MP X10L wrote: ↑
Sun Jan 14, 2018 5:48 pm
I took the test twice ... because statistics yk
I got INFP-T
I got INTJ with low confidence on J.
I am a little irritated by that N. I demand solid arguments and proof most the time ... also from myself. I never take a strong position based on a gut feeling.
Or am I just misreading this letter? (Got a solid 1 in the second test.)
It's always worth mentioning that most online "tests" are badly constructed -- they run you through a bunch of forced-choice questions then demand that you "create a profile" (to get your email address) before revealing what you "are."
A few aren't completely awful. The 16personalities one isn't entirely junk, BUT I think they've made it worse by tacking on the Assertive/Turbulent thing which is nothing more than a renamed version of the Neuroticism index from the Big Five model.
Really, the best way to see which type pattern you're closest to (notice that I don't phrase this as "what type you are" because no one is merely a pattern) is to just read the descriptions from a good source and point to the one that seems most right. There's nothing so scientific about any of the online tests that make them more accurate than this.
One of the best sources of MB type descriptions I've found is David Keirsey's Please Understand Me II
, but the original Gifts Differing
by Isabel Briggs Myers is fine.
Now, that said, the iNuition/Sensing split -- the best way to think about this is not so much "How do I decide what's right/true?" which is more a function of the Thinking/Feeling preference, but rather "Who needs to approve of my choices?" iNtuition (N) says, "trust yourself"; Sensing (S) says, "trust the world and other people."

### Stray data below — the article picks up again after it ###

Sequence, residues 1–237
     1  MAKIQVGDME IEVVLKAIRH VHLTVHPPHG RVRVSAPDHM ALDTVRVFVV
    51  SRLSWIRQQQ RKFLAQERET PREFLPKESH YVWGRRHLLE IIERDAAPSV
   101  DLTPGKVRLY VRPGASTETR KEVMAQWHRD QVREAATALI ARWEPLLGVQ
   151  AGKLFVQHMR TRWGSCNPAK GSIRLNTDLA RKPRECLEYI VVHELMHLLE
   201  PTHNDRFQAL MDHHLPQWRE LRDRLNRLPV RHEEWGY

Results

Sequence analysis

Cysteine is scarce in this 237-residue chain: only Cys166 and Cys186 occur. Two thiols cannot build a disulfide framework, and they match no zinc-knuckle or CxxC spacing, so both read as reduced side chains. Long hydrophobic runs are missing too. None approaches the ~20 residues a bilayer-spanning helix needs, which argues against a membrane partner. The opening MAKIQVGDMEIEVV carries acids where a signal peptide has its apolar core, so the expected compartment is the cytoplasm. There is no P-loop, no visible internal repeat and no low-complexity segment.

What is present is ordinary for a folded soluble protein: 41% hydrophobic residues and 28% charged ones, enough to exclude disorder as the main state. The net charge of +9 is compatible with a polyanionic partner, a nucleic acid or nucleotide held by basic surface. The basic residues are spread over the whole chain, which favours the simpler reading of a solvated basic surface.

For most people in the normal range of human psychological function, this isn't an all-or-nothing proposition. Most people put some trust in their own opinions, and most people put some stock in the opinions of other people.
But most people do have a preference here. Some of us naturally resist arguments from authority; we want objective evidence that satisfies us personally and we're prepared to be the only person in the world who believes a thing if we're sure it's right. At the same time, some of us are uncomfortable without the stability of traditions and hierarchy and relationships and group membership; these are systems that help us know our choices are probably good.
This is the N/S split -- it's how I think of it, anyway.
Did this help?